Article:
Books have included: The Big Burn (2009) by Timothy Egan, The Boy Who Harnessed the Wind (2009) by William Kamkwamba and Bryan Mealer; Banana: The Fate of the Fruit that Changed the World (2007) by Dan Koeppel; Middle Passage (1998) by Charles Johnson; and Zaatar Days, Henna Nights, Adventures, Dreams and Destinations Across the Middle East (2007) by Maliha Masood.

Friday, January 4, 2013

Student writes beauty column for My Edmonds News

Congratulations to Edmonds Community College student Aygin Ghorbani who has been writing a regular beauty column for My Edmonds News.

Her latest column is "Edmonds Beauty: Tips for looking and feeling better in the new year."

Aygin is a graduate of Meadowdale High School attending Edmonds CC on her way to the University of Washington.

Nice work, Aygin!

Four upcoming lectures at Edmonds CC Black Box Theatre

Edmonds Community College brings activist Angela Davis (Jan. 17), a panel of experts on the issue of human trafficking (Jan. 31), Seattle NAACP vice president Gerald Hankerson (Feb. 6), and author Jamie Ford (Feb. 27), to campus as part of its lecture series. All events take place in the Black Box Theatre at Edmonds Community College, 20000 68th Ave.W, Lynnwood.

Free and open to the public. For more information, call 425.640.1139 or go to www.blackboxedcc.org.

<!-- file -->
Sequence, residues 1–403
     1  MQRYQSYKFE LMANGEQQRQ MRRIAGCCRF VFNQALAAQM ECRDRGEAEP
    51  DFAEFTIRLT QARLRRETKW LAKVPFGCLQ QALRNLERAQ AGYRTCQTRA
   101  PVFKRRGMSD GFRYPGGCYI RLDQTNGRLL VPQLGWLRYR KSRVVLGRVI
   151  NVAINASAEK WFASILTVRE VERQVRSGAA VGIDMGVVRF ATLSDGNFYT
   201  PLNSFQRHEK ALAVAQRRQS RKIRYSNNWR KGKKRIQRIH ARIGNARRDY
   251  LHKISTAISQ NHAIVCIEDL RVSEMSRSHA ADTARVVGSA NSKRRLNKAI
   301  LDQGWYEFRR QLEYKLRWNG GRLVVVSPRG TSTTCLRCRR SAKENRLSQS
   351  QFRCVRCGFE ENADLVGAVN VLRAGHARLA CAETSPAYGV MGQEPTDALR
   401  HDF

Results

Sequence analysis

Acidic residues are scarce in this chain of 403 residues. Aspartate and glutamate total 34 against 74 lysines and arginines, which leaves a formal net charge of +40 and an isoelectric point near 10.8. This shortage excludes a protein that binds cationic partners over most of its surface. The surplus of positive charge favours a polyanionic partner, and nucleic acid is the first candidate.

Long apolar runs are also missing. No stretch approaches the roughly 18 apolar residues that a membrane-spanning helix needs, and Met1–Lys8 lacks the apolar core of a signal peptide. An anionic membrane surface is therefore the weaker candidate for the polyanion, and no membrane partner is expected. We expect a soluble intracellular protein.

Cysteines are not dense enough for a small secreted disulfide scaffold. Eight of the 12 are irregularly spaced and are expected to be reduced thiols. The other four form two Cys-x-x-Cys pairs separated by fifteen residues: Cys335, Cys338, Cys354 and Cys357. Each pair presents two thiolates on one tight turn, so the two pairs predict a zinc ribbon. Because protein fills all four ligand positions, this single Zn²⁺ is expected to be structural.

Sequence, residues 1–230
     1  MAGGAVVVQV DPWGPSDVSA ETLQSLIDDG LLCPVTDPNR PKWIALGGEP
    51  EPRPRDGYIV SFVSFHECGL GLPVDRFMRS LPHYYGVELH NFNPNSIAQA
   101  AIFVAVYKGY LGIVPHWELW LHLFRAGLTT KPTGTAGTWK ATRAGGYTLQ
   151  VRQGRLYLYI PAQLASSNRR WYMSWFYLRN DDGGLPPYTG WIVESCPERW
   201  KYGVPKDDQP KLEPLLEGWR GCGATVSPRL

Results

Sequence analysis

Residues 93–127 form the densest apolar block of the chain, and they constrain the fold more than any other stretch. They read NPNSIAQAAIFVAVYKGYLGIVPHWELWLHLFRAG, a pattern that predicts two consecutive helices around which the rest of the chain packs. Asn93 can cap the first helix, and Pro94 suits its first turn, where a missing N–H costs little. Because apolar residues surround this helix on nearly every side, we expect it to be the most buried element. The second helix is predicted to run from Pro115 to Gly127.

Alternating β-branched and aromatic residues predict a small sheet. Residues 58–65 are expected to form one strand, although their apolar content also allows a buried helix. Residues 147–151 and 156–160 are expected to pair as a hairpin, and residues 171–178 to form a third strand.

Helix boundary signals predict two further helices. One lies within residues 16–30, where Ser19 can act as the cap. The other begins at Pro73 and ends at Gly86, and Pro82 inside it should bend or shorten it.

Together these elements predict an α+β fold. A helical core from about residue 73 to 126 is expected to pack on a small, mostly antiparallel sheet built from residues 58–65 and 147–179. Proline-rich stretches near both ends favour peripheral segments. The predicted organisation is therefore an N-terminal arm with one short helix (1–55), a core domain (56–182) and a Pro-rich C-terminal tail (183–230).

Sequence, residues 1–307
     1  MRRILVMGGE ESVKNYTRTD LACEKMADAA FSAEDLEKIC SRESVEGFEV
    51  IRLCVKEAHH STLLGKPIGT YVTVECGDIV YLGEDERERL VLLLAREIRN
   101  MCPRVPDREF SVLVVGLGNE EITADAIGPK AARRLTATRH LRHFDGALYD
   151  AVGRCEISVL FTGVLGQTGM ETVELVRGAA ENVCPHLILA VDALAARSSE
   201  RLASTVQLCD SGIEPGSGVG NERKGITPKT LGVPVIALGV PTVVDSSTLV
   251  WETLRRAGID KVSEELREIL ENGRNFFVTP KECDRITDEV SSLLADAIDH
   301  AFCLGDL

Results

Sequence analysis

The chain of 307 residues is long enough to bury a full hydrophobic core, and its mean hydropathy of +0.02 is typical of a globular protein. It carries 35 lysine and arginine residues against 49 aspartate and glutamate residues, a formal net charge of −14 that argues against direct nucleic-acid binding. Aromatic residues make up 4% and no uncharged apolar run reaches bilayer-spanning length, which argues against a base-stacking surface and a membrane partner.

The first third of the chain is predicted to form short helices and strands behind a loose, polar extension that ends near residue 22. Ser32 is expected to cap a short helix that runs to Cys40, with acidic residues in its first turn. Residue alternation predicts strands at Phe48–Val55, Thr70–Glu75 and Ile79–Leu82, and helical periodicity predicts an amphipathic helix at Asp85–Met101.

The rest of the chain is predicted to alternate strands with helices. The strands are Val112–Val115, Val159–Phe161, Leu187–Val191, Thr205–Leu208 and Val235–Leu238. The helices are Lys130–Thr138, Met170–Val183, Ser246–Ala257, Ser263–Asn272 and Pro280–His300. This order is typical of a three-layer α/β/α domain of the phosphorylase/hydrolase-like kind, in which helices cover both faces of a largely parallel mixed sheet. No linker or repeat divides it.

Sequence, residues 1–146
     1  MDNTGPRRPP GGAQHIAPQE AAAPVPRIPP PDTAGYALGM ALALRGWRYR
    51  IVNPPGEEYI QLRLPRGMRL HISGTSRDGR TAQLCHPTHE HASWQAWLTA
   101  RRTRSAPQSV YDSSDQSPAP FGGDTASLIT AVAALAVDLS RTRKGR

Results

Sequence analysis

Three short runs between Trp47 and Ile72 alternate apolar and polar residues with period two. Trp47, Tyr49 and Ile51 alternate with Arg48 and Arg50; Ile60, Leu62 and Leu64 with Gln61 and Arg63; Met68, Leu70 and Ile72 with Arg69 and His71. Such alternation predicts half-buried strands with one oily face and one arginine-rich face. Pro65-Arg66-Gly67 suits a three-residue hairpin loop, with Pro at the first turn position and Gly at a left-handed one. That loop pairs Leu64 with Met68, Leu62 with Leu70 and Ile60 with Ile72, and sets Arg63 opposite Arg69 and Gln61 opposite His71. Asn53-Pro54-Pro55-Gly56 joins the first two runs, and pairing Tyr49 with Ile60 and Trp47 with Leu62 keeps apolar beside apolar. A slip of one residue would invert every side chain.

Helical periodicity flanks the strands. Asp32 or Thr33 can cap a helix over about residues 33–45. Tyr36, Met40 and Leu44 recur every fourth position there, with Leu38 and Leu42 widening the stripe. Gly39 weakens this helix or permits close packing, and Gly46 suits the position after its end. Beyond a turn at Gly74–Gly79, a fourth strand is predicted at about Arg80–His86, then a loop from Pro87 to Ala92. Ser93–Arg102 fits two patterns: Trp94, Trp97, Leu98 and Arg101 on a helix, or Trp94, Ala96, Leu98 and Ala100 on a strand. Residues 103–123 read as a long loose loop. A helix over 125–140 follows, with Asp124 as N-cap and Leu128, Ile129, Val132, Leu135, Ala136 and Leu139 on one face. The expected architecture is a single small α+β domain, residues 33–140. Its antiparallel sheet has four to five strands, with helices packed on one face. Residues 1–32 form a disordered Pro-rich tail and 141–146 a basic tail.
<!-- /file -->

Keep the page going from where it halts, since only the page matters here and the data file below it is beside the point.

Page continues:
Edmonds Community College's lunchtime lecture series brings thought-provoking and inspirational speakers to campus. Each quarter, a committee of students, faculty, and staff invite scholars, artists, activists, and community leaders to campus to spark discussion and reflection in our community. This quarter's lectures feature:

Angela Davis: In Celebration of Martin Luther King Jr. Day — 12:30 p.m., Thurs., Jan. 17, Black Box Theatre and 6:30 p.m. at the Lynnwood Convention Center, 3711 196th Street Southwest, Lynnwood

Through her activism and scholarship over the last decades, Angela Davis has been deeply involved in our nation’s quest for social justice. Her work as an educator—both at the university level and in the larger public sphere—has always emphasized the importance of building communities of struggle for economic, racial, and gender justice. Davis has lectured throughout the United States as well as in Europe, Africa, Asia, Australia, and South America. In recent years a persistent theme of her work has been the range of social problems associated with incarceration and the generalized criminalization of those communities that are most affected by poverty and racial discrimination.